Gupta team from UCLA focus on LER analysis and impact on FEoL and BEoL of advanced FinFET technologies, LER mathematic model and LER impact on device reliability have been investigated[45]. Resist half-pitch (HP) resolution, dose sensitivity and their relationship (Figure 16) to LER have been evaluated by Paul Scherrer Institut (PSI) to get a comprehensive solution[46]. It was found that amount of photons, quencher and acid rank top three LER contributor, LER could be reduced by optimizing multi-trigger component ratio and quencher amount of the resist chemicals[47,48].
Metal-contained photoresist, chemical amplified resists (CARs), photo acids (PAs) together with their backbone polymers have been investigated, material quantum yield and absorption coefficient have been measured and correlated to electron mean free path within resist, providing a theoretical guide for photoresist selection. Resist chemical processes after EUV radiation are widely investigated by teams from Berkeley lab, Molecular Foundry, LBNL, Columbia Hill Technical Consulting and IBM Almaden Research Center[49,50]. Numeric model of imaging mechanism for sol-gel prepared organometallic polymer resists have been created by Inpria Corp., stochastic diffusion of secondary electrons has been simulated with changing dose[51]. Innovative Inorganic-organic composite photoresist with a metal oxide core and polymer ligands has been synthesized as a non-CAR resist which is supposed to have smaller LWR (3σ <3nm)[52,53,54]. Moreover, lithography process control and optimization are also essential to LER reduction. Toshiro Itani and Takahiro Kozawa from Japan have conducted experiments to improve line edge roughness by alternating development, bake, rinse solution as well as resist top and bottom coating[55].


  Figure 17. CDSEM images show LER is decreasing with increasing dose and resist quencher concentration[48]. Courtesy of C. Popescu, University of Birmingham
Outgassing is another issue during resist exposure, hydrogen-contained molecules can contaminate the vacuum chamber, mirrors and reticles. ASML has developed a Dynamic Gas Lock (DGL) membrane to prevent outgassing spread and suppress DUV and IR during the wafer exposure[1] .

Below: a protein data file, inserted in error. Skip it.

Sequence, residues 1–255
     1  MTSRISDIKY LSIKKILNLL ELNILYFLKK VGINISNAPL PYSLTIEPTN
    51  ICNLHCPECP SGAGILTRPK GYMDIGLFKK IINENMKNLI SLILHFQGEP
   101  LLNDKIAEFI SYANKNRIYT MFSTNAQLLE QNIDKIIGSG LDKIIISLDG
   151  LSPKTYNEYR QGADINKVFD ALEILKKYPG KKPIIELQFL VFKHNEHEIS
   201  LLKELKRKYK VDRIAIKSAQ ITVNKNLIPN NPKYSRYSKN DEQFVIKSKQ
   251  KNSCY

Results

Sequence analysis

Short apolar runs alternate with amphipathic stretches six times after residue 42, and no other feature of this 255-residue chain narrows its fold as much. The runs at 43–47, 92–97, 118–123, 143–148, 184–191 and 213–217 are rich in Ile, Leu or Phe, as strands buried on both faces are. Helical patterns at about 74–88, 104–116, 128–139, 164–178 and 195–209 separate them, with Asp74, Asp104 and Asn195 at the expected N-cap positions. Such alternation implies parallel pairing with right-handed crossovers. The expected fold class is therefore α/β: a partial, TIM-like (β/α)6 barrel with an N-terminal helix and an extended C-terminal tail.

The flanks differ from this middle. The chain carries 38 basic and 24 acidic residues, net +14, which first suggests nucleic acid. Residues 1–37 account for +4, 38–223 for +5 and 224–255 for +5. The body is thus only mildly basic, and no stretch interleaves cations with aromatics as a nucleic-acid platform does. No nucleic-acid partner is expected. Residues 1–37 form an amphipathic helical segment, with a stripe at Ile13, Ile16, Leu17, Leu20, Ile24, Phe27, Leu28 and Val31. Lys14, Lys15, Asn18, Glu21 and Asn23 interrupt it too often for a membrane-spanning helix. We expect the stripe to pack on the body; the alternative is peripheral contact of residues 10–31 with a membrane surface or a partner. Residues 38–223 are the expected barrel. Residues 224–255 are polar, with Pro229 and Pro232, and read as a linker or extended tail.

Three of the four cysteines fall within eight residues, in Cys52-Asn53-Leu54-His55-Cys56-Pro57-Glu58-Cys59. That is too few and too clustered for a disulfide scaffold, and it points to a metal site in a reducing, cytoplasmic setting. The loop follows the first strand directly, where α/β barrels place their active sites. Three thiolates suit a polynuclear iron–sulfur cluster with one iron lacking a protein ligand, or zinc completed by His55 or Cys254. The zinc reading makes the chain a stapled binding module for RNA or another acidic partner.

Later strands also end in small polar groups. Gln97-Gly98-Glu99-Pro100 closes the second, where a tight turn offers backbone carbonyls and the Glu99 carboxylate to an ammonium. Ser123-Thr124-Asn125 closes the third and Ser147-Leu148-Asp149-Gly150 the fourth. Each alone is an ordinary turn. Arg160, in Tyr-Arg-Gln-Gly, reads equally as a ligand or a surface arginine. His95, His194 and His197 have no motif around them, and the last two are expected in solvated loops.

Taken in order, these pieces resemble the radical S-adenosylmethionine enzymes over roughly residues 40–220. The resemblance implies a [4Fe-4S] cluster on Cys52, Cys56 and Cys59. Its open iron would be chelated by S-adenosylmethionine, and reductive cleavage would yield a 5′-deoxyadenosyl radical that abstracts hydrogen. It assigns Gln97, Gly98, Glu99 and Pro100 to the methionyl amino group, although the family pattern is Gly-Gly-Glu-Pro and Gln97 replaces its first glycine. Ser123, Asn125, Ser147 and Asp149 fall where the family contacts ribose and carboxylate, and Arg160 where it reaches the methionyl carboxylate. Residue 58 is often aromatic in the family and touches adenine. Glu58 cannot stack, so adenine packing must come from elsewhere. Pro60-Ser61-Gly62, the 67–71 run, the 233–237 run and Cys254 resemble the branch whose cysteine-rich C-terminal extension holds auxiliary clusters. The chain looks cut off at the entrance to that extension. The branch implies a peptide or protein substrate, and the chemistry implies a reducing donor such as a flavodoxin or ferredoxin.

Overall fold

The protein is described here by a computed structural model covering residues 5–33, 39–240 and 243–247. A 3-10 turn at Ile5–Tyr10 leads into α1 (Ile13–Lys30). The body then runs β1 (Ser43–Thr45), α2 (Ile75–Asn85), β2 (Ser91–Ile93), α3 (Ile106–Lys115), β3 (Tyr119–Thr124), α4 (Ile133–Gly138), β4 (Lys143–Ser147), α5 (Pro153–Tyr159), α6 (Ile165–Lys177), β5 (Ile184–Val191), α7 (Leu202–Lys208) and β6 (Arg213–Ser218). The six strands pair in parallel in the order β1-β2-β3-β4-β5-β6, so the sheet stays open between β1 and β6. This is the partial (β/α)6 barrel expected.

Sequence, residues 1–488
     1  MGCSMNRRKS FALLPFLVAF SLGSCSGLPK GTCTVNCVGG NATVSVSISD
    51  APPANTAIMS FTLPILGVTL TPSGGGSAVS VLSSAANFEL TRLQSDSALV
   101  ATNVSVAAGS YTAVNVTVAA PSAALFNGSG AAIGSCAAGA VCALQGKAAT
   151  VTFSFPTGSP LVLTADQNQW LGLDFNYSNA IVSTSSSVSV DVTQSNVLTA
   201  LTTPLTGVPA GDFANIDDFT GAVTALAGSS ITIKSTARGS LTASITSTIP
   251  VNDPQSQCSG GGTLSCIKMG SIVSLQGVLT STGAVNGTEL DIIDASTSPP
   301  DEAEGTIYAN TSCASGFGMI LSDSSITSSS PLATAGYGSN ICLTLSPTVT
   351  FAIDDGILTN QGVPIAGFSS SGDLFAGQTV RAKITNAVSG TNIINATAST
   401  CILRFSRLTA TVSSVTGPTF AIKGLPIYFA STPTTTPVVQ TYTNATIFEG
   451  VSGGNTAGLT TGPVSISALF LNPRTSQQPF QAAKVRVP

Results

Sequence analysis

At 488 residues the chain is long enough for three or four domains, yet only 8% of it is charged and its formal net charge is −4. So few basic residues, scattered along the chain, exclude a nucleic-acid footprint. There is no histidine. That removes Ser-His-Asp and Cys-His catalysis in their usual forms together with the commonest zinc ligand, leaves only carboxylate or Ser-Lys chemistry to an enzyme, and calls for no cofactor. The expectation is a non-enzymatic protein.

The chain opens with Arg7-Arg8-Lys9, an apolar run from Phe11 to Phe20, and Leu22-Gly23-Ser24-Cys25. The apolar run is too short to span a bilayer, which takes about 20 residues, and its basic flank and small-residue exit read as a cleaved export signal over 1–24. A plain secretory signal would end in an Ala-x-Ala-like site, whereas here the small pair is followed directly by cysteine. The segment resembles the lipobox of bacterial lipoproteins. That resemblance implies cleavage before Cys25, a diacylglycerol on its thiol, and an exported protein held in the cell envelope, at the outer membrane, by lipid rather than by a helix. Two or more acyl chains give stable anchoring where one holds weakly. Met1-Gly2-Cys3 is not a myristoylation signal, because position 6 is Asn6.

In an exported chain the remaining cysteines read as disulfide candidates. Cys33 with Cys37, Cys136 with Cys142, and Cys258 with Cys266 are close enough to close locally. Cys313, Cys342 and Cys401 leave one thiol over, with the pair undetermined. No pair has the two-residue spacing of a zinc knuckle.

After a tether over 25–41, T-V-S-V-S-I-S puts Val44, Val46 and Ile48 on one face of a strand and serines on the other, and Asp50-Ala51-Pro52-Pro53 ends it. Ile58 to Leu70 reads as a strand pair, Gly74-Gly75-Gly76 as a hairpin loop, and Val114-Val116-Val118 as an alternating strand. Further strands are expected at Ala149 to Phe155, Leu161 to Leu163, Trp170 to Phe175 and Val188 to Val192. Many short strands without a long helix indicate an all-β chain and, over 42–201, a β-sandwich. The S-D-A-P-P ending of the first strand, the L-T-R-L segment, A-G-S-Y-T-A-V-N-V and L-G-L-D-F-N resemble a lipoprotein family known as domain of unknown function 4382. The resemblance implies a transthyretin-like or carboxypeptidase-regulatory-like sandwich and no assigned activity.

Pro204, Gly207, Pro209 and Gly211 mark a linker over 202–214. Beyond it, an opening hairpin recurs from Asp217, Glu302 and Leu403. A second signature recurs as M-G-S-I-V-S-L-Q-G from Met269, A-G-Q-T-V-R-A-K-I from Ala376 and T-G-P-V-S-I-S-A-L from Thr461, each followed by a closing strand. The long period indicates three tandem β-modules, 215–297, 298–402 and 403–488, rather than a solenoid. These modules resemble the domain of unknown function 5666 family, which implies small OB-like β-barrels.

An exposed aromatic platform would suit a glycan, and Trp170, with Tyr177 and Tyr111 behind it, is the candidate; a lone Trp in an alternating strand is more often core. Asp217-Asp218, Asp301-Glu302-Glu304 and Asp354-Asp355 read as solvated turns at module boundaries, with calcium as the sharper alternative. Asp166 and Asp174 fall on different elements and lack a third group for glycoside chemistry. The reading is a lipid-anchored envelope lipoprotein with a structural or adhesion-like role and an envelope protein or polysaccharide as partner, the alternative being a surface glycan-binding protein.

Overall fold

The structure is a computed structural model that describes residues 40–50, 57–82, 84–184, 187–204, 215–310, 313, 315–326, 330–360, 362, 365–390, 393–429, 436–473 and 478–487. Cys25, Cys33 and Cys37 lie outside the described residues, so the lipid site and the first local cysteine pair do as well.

6.   Summary and Outlook
In this paper, we had a broad but not specialized overview of extreme ultraviolet lithography technology and its application in mainstream semiconductor wafer manufacturing. Major EUVL modules include light source and vessel, reflection mirror system under vacuum, reflective reticle and aerial inspection system. Multilayer material fabrication and photoresist characterization are also critical in terms of EUV patterning performance, defectivity and edge roughness control. As EUVL scanner is an integrated system, final wafer printing quality is determined by every component especially the weakest ones. Thanks to worldwide collaboration and big investments in recent years, critical issues related to light source, substrate material and process, multilayer defects, mask absorber and defects, as well as resist edge roughness have been overcome in an ASML EUV scanner system, and wafer HVM using these EUV tools are already realized in those leading fabs worldwide.
Major progresses and challenges that are related to wafer throughput and pattern printing quality are summarized below.
EUV light source power
250W light power boosts wafer throughput to 140wph, which makes ASML EUV scanner ready for HMV. Next generation EUV source with further increased EUV energy power, improved conversion efficiency and better dose control is under development, not only to raise wafer throughput but also to further minimize LER which is closely related to dose on wafer. It was found 40mJ/cm2 dose (compared with 20mJ/cm2 from current module) can dramatically reduce LER to smaller than 3nm. 400W EUV source will be implemented in next module of ASML NXE scanner soon. High power EUV is also critical to next generation high NA scanner.